Give customers more power
People like to control their buying decisions, which is one of the reasons Amazon Prime’s “Try Before You Buy” program is such an attractive way to buy apparel online. Customers get all the power without having to make upfront financial commitments. By showing faith in their buyers, Amazon can increase its relationship with Prime customers, as well as encourage non-Prime shoppers to become members.
Whenever possible, let shoppers own their experiences, right down to goofy requests. Recently, a Delaware delivery driver was caught on camera responding to a young customer’s quirky suggestion that she knock three times before saying “Abracadabra” and running quickly away from the house. Unusual as the request was, the driver compiled and was unknowingly videoed in the process. The driver received press and kudos for entertaining the odd delivery demand.
Gather your team members and brainstorm ways to rev up your customer service in similar ways. You don’t have to give customers the keys to the car, of course. Just let them navigate while you steer. Local and nationally franchised pizza places often invite buyers to request that their toppings be arranged in a certain way or design. These little touches may seem ridiculous, but they empower customers—and entice them to come back—without reducing your corporate control.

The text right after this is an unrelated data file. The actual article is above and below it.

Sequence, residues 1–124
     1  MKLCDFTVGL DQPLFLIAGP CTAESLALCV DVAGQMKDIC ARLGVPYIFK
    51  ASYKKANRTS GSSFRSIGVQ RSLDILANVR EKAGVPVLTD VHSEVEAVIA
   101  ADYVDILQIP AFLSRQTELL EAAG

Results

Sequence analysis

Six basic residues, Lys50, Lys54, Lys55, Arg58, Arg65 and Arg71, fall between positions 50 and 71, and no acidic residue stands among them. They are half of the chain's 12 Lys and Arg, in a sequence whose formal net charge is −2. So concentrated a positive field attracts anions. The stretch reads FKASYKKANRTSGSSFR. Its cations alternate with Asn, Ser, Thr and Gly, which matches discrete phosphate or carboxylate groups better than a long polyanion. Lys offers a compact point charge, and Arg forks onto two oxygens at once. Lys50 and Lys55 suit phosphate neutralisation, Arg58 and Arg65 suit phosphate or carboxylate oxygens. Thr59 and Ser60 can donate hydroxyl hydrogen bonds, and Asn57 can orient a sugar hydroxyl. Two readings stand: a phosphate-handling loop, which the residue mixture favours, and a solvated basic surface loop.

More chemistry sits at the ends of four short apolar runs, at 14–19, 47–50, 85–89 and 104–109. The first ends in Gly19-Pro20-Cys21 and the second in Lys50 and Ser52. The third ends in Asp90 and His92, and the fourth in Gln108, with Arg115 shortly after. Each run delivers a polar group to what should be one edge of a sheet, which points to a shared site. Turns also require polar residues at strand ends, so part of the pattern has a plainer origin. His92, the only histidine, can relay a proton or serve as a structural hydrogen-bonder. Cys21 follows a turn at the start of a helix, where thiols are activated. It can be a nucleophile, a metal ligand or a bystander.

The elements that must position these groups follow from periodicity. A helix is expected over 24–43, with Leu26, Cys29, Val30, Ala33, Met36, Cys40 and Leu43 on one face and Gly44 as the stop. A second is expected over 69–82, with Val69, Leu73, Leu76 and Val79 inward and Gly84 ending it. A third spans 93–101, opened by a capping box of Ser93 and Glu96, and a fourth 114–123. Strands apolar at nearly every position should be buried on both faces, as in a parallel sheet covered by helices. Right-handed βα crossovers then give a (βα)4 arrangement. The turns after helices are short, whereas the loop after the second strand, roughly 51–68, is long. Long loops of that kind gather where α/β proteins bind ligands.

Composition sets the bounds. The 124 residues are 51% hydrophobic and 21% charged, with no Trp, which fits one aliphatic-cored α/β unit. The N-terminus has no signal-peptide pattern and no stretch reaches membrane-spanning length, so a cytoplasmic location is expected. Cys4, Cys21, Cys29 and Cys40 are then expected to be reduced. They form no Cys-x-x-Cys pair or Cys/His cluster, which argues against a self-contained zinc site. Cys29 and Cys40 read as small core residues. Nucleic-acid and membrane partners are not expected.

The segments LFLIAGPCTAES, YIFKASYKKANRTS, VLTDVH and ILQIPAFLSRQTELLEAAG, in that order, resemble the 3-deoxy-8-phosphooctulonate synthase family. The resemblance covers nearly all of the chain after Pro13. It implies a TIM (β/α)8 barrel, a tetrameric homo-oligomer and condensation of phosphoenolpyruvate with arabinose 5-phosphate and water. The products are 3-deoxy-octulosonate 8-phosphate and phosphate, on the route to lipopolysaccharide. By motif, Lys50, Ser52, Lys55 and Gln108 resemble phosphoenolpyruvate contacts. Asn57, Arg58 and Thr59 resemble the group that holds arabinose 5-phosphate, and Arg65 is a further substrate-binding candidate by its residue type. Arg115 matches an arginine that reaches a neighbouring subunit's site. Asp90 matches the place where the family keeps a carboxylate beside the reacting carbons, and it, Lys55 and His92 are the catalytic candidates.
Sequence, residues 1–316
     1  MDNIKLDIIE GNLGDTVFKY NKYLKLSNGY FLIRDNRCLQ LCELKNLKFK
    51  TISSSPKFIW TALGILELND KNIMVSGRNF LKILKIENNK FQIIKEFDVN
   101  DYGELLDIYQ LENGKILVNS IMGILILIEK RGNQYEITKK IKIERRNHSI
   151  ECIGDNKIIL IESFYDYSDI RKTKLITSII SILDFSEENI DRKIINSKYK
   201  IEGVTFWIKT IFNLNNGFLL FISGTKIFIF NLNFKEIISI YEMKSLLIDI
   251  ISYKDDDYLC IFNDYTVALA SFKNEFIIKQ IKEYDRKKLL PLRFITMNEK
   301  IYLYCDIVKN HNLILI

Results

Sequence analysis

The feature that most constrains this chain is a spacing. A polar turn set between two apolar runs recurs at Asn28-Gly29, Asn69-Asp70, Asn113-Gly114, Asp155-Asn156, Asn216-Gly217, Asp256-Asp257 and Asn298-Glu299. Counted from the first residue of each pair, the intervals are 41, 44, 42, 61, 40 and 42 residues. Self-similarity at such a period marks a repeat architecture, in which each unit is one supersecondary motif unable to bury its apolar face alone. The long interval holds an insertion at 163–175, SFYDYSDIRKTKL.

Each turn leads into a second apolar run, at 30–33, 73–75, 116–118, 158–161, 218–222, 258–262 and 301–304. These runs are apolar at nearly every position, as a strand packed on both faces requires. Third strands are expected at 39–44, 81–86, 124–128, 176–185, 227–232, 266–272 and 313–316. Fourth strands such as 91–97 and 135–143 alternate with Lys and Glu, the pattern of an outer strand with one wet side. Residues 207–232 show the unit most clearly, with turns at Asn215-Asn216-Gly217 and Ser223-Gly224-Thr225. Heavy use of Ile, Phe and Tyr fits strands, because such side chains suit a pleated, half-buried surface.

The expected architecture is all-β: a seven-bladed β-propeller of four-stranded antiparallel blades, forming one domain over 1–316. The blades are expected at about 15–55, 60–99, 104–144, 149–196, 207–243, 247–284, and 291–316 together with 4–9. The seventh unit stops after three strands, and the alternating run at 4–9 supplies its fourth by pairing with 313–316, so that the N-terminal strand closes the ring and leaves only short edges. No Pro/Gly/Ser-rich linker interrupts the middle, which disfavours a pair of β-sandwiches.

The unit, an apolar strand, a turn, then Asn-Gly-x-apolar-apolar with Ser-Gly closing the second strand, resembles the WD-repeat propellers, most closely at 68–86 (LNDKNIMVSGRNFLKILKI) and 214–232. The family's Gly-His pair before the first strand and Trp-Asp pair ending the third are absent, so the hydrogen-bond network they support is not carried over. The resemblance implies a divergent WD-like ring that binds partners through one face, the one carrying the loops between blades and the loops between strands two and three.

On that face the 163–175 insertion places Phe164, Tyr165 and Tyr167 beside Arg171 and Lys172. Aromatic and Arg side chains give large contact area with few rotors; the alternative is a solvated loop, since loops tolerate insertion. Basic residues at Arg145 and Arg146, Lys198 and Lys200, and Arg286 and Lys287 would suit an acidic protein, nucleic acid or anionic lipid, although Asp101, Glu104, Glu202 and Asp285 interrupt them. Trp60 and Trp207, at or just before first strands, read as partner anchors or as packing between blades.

Make coupons and discounts count
Have you ever received a coupon from a company that seemed almost pitiful or more like bait-and-switch? (What you received said products were “up to 90% off…,” but almost nothing decent was reduced more than five percent.) Instead of sending out your usual coupons, consider what discounts customers will actually use right now.